1. When did you realize you wanted to be a Chef? Who inspired you most as a young cook and what did you learn from them?

I always loved cooking and eating, but I began to spend time experimenting with recipes from various kinds of cuisines in my home kitchen, cooking for friends when I arrived to New York in 1980. Wanting to get involved with food and becoming a chef was a second career change for me, which began in 2001.

 My greatest inspiration was my father, who was a gourmand and a terrific cook. I spent many hours in the kitchen with him during my childhood, helping out, observing him and absorbing all the knowledge I could. From my father, I learned passion, love and appreciation of good food and the importance of using fresh ingredients.

  1. Can you tell us a little bit about your culinary style and what makes your menus and recipes unique?

My style is mainly rustic. I like rustic food for its simplicity and because it is nourishes the body and soul. My menus and recipes are unique, because the ingredients I use are accessible and inexpensive.

  1. Is there a difference in the recipes you create/the food you eat in Italy versus the Italian food here in the United States and what are the main differences?

The difference between food in Italy and food here…? Food in Italy is extremely fresh, mostly organic and seasonal. Its flavor(s) cannot be replicated in dishes cooked outside of the Country. Food in Italy is also quite simple. In fact, most of the best food I have ever eaten there was prepared with just a few ingredients. On the contrary, Italian American food is the result of ‘imported’ traditions and transformations, mostly due the immigrant’s longing for the ‘Old Country’. Immigrants, who arrived here tried to capture flavors and freeze memories, by utilizing similar ingredients grown in a different terroir. Nowadays though, great Italian chefs live here in the States, so the differences between Italian food in Italy and the US is narrowing down.

  1. In your opinion, what are the most important elements when creating a recipe from scratch?

The most important elements are: fresh ingredients, simplicity and focus, Make sure to tastes the food while cooking it.

  1. What is your signature dish or your favorite recipe?

My favorite dish is ‘Roman Style Tripe’, a dish that brings back childhood memories.

  1. What is your favorite spice or ingredient to cook with and why?

I love black pepper, which I use in all savory recipes. Besides liking its pungent flavor, I add it to dishes because it helps improve digestion.

  1. What is your favorite cooking gadget or kitchen item you can’t live without and why?

I own many gadgets and often buy the new ones that are the latest invention in the market, but always tend to use the familiar ones over and over. A gadget I cannot live without is a hand held grater, because it is efficient and does not use too much space in the kitchen.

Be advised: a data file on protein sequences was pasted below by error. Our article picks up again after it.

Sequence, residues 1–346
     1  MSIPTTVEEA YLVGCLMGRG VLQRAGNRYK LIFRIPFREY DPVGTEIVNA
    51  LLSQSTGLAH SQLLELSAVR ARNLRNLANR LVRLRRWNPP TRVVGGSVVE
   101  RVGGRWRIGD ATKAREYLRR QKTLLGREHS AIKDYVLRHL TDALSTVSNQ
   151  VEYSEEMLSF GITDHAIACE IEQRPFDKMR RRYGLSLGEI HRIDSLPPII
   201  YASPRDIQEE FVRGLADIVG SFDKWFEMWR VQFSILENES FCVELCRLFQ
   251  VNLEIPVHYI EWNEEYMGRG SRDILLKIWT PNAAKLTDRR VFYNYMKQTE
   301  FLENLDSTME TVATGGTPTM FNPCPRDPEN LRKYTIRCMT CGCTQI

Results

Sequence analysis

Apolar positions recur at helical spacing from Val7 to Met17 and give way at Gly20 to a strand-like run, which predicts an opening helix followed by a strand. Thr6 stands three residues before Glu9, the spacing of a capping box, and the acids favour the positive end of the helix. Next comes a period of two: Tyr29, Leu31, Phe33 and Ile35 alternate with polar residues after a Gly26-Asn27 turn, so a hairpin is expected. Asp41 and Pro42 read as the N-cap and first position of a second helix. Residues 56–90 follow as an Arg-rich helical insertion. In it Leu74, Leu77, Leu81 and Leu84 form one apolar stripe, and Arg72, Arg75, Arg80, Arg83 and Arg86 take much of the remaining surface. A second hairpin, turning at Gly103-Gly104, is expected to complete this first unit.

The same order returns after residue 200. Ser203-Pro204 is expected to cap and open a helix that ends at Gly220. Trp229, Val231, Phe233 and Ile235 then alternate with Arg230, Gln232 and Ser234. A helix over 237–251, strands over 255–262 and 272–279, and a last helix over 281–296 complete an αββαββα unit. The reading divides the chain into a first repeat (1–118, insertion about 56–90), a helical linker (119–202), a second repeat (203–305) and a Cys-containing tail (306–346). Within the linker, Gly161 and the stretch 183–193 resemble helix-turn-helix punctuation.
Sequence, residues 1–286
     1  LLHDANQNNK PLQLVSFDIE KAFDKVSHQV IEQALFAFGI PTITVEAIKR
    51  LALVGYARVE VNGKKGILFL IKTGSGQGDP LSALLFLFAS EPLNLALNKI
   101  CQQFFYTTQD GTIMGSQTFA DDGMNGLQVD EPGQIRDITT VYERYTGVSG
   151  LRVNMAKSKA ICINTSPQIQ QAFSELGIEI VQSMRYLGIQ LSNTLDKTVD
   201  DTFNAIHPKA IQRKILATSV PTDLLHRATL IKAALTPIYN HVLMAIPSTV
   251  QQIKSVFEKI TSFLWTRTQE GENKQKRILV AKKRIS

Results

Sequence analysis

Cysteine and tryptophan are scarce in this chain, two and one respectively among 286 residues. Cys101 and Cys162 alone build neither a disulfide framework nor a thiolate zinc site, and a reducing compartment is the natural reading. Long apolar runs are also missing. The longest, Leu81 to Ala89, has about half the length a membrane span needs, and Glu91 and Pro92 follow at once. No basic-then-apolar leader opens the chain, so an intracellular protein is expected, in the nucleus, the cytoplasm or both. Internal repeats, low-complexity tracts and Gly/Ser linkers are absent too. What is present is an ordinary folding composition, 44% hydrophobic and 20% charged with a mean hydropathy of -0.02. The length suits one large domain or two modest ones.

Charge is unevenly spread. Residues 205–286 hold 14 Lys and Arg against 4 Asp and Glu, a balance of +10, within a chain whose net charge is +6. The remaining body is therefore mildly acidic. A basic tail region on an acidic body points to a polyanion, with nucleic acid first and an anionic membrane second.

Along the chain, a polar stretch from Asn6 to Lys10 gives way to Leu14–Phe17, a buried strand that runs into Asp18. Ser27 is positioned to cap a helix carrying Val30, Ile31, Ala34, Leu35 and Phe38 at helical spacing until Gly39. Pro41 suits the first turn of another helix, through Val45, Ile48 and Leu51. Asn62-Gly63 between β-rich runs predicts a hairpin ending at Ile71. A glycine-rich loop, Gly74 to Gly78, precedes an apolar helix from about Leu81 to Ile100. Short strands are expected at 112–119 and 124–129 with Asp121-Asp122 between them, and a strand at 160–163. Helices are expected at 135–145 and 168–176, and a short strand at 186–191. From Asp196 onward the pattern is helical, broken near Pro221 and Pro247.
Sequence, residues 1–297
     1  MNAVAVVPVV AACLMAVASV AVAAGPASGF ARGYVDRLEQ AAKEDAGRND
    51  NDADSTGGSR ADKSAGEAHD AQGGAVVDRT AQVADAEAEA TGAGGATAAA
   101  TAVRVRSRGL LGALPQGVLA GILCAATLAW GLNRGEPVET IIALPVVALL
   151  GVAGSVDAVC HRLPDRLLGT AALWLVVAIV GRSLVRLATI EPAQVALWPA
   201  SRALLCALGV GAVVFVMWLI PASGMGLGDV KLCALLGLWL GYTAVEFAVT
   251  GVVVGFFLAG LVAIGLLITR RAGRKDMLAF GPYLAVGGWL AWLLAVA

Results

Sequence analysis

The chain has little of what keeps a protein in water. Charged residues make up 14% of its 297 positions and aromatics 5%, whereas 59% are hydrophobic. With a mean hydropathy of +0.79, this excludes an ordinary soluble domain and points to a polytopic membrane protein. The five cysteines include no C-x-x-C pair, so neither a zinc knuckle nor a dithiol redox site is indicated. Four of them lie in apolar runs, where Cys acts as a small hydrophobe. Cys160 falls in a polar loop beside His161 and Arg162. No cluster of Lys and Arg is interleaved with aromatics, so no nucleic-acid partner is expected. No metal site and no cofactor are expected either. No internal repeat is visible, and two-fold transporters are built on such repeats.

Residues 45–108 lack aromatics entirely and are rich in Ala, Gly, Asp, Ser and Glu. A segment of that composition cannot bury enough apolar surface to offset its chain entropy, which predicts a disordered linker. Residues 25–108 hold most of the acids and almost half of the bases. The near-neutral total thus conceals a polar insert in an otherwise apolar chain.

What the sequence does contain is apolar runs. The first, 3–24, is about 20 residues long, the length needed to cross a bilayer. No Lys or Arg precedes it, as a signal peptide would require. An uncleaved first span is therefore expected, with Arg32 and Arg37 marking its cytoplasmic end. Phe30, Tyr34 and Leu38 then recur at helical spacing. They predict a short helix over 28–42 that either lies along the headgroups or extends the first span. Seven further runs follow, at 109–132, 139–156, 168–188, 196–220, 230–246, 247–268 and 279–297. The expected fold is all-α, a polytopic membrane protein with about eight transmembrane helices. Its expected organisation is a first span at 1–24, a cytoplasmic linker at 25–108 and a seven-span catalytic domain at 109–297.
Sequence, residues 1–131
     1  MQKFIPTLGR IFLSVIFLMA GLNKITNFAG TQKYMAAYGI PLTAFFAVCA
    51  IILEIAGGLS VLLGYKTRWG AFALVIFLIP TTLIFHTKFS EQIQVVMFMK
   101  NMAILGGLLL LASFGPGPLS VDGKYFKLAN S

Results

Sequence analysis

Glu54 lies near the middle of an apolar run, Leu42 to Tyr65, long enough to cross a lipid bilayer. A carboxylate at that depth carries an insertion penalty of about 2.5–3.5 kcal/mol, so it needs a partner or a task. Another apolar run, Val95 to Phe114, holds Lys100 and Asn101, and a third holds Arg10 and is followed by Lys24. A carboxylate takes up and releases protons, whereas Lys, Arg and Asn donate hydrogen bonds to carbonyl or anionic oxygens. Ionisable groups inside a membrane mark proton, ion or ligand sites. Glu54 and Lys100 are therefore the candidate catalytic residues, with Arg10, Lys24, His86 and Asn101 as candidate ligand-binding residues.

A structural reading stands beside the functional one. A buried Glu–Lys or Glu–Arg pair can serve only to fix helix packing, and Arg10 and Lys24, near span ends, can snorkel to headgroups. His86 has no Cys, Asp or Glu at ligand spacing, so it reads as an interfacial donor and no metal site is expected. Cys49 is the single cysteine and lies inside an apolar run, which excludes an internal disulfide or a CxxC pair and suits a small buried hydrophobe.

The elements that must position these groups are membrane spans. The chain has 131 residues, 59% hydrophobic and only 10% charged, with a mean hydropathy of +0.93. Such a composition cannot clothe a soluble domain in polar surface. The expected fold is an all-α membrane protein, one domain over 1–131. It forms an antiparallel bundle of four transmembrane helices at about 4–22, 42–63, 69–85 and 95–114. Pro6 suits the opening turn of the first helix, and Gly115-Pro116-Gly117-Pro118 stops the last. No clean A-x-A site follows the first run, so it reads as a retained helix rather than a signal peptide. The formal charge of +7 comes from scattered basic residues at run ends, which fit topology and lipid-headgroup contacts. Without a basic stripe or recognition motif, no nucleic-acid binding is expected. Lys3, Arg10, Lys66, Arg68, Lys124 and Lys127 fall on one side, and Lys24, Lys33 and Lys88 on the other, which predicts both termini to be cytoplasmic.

1. Do you have any advice for aspiring chefs and home cooks?

Start by cooking a simple recipe, one with 4 or 5 ingredients. Learn basic skills and techniques at first and then move on to a larger repertoire. Patience, practice and repetition are important to achieve success with cooking, as with other things in life.

  1. Is there anything else you’d like to tell us about yourself?

Yes. I am always looking to inspire others to cook. It is a pleasure to see that people are interested in cooking and familiarizing themselves with ingredients. Sharing passion for food and cooking with people is an all-around relaxing experience for me.

Spring Vegetable Soup
Spring Vegetable Soup

Spring Vegetable Soup

Yield: serves 6

2 small carrots, diced
2 celery stalks, diced
1 yellow onion, chopped
2 small zucchini, diced
1 small butternut squash, diced
1 bunch escarole, chopped
½ cup peas, frozen
1 tablespoon basil leaves, chopped
1 tablespoon parsley, chopped
¼ cup Parmigiano Reggiano, grated
6 tablespoons extra virgin olive oil, plus extra for bread and for drizzling on soup
4 quarts chicken stock
1 small ciabatta bread
Sea salt to taste
Pepper to taste

  1. Sauté carrots, celery and onions in a large stock pot over medium heat, for approximately 5 minutes, making sure that you stir the vegetables while they cook.
  2. Add chicken stock to the pan. Increase the heat to high, cover the pan, bring to a boil and then reduce the heat to medium-low. Cook for 10-15 minutes.
  3. Slice bread into 1” thick slices. Brush slices with the additional olive oil on both sides and place in a sauté pan over low heat. Turn bread slices once and cook until they are golden brown. Place bread in a tray and lightly sprinkle with sea salt. Set aside.
  4. Add butternut squash to the stockpot and cook for 3 minutes.
  5. Add zucchini and peas to the stockpot and cook for 3 more minutes.
  6. Add escarole, basil, parsley, salt and pepper and cook for 4 additional minutes.
  7. Remove two ladles of soup from the stockpot and puree in a blender, then return the pureed soup to the pot (the puree will thicken the soup). Stir and cook for 1 minute, then turn off the heat.
  8. Add some grated cheese into the soup and stir. Ladle soup in individual bowls, drizzle oil and sprinkle additional cheese.

Recipe Copyright © Pia Vallone 2010.

Photo credits: Kristen Hess and Pia Vallone. 

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Recipes Worth Sharing: A Collection of Favorite Regional Recipes

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Recipes Worth Sharing Cookbook